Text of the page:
Monday, March 5, 2012

You May Never Know

Ms. Boyd:

I have to say that your article was, by far, the most interesting article that I have read about social networks and how its members can, in a sense, control their privacy. Many members often argue about the "lack of privacy" on social networks; little do they know, they are in control of their own privacy. Of course, people enjoy the attention that they get from other on social networks, which happens to be the sole reason why people fabricate stories to make themselves appear "happier, wealthier, better" than they really are. On the contrary, people want this attention, but not from everyone. They only want certain people to be able to access this information and this is where maintaining agency and power comes in. I have witnessed a girl block her family members from viewing her wall because she knew that she would be posting inappropriate things on her wall. I have also witnessed young girls and boys use jargon when leaving comments and updating their status, so that adults would be oblivious to their conversations. You just have to learn how to manipulate the situation and control your information.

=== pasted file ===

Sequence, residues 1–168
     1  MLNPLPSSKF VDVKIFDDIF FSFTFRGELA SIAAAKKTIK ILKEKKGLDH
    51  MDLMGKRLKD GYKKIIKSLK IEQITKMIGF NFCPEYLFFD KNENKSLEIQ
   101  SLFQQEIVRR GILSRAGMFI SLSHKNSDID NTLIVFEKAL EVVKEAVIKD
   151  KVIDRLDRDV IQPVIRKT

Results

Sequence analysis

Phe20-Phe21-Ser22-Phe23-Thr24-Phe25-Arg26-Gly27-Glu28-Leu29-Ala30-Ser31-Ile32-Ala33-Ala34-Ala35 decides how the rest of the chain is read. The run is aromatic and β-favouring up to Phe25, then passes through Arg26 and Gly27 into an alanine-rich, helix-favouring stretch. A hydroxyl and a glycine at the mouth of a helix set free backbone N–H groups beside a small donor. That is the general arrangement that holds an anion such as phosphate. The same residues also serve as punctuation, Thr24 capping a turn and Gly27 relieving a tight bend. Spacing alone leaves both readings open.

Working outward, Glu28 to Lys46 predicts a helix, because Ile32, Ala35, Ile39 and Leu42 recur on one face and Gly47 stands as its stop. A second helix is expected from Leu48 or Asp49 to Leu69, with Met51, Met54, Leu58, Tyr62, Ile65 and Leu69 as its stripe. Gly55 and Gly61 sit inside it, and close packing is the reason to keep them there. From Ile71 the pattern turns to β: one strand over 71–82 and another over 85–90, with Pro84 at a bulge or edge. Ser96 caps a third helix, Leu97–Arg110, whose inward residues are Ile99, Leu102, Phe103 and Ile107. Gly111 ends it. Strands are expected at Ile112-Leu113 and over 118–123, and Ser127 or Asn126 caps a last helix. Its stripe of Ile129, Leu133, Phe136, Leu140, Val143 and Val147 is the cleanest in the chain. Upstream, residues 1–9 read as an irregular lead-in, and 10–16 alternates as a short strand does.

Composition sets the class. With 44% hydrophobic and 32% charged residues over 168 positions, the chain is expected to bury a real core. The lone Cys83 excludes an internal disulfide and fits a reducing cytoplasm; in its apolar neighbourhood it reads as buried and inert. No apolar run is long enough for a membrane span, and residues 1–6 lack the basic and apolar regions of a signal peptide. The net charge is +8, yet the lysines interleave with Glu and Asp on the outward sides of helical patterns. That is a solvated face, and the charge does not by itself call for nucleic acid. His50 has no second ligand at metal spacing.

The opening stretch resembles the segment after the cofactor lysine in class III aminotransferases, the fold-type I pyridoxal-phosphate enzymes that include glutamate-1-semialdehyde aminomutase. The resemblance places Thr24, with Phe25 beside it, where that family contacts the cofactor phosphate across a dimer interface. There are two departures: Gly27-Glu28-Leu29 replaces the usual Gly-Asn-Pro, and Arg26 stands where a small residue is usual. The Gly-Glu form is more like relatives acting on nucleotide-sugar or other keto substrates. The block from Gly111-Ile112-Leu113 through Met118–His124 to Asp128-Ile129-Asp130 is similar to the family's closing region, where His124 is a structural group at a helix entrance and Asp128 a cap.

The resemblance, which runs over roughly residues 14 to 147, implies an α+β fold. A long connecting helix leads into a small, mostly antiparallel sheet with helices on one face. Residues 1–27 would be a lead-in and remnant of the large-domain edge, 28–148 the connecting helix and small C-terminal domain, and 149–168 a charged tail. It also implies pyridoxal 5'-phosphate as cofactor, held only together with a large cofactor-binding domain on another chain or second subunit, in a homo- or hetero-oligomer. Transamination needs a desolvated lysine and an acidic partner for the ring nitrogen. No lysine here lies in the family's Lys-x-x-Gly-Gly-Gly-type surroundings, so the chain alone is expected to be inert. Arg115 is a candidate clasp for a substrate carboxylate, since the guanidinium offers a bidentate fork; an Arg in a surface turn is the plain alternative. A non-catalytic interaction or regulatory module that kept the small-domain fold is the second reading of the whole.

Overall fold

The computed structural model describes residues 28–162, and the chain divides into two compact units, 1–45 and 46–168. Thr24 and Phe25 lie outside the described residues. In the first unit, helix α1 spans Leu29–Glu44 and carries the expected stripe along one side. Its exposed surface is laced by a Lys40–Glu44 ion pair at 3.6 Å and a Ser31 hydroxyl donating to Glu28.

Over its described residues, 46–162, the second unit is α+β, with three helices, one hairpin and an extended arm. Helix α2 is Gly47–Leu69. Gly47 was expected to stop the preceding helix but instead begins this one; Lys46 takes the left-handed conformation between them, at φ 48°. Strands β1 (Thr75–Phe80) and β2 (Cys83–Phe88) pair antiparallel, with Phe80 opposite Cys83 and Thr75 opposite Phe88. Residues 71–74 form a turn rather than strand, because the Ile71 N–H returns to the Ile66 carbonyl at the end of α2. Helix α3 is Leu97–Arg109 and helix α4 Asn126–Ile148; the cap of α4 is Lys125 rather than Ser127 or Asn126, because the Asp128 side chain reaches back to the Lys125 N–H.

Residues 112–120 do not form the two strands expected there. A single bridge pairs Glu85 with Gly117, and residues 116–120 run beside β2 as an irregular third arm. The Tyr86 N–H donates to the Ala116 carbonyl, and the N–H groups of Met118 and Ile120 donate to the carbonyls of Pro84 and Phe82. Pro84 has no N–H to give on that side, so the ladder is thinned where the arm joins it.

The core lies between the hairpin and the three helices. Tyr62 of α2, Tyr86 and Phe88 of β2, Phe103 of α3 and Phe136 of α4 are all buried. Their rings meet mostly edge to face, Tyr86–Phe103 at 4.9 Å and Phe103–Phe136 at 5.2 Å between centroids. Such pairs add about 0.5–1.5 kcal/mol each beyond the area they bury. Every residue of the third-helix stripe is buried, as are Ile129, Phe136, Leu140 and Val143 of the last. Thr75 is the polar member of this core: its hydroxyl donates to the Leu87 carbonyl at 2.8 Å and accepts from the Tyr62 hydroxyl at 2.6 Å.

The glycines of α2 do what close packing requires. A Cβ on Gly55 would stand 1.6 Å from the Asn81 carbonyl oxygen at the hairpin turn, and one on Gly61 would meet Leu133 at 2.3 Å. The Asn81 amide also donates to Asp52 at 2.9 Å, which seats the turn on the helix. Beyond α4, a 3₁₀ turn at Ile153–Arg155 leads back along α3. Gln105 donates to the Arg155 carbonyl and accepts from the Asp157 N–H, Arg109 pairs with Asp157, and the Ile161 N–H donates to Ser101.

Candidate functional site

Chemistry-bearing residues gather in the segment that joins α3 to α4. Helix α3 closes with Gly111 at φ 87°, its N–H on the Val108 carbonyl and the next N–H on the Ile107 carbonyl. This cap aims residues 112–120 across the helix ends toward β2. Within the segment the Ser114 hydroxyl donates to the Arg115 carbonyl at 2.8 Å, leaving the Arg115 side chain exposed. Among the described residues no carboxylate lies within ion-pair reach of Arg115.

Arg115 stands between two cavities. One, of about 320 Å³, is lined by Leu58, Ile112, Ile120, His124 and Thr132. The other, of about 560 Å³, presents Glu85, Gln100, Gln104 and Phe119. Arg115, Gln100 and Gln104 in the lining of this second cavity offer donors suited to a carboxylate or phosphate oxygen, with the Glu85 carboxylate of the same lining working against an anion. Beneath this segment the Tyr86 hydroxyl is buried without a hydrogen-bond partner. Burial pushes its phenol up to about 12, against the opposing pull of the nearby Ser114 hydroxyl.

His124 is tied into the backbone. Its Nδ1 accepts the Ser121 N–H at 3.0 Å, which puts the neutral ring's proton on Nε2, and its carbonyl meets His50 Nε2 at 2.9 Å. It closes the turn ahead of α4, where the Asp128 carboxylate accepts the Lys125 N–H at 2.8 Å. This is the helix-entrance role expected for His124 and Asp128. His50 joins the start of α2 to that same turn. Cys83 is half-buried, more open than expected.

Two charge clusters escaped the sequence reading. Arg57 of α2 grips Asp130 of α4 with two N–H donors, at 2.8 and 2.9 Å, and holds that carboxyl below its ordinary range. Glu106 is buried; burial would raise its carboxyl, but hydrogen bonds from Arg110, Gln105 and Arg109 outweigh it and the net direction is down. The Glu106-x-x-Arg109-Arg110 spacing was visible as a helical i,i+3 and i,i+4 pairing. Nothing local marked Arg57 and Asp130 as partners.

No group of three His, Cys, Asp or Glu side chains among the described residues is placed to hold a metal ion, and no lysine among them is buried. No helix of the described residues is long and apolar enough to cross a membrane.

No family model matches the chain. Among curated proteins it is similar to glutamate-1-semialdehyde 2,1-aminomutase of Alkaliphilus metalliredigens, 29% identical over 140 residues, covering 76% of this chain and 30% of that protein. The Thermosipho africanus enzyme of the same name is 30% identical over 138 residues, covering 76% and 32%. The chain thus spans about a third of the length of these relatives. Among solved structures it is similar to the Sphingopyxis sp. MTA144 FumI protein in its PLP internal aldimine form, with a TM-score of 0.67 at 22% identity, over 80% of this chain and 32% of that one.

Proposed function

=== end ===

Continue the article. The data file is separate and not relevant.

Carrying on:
But... you cannot always control the situation.

I once had someone save my picture to their Twitter account, edit it to look silly and upload it to their pictures. I was so upset that Twitter could allow someone to save a picture from someone else's account. I blamed it on their "lack of privacy". I then contacted Twitter to delete the picture for me. I felt like I couldn't control the situation and that I had no power. Even by making my account private, anyone can click on my display picture and save it. The only way to stop someone is by blocking their account and they can always access your account/picture by using someone else's account. You just never know someone else's moves. Like you stated, the critical questions are: who's watching and why are they watching? In a situation like this, it seems like you could never know if someone has saved your picture to their computer or why they saved it. It's just scary to know that someone could possibly pretend to be you online, stare at your picture and try to find you one day or just have your picture saved for another reason. You may never know. So yes, in certain situations, people are able to maintain agency and power -- but when that seems impossible, what is left to do?


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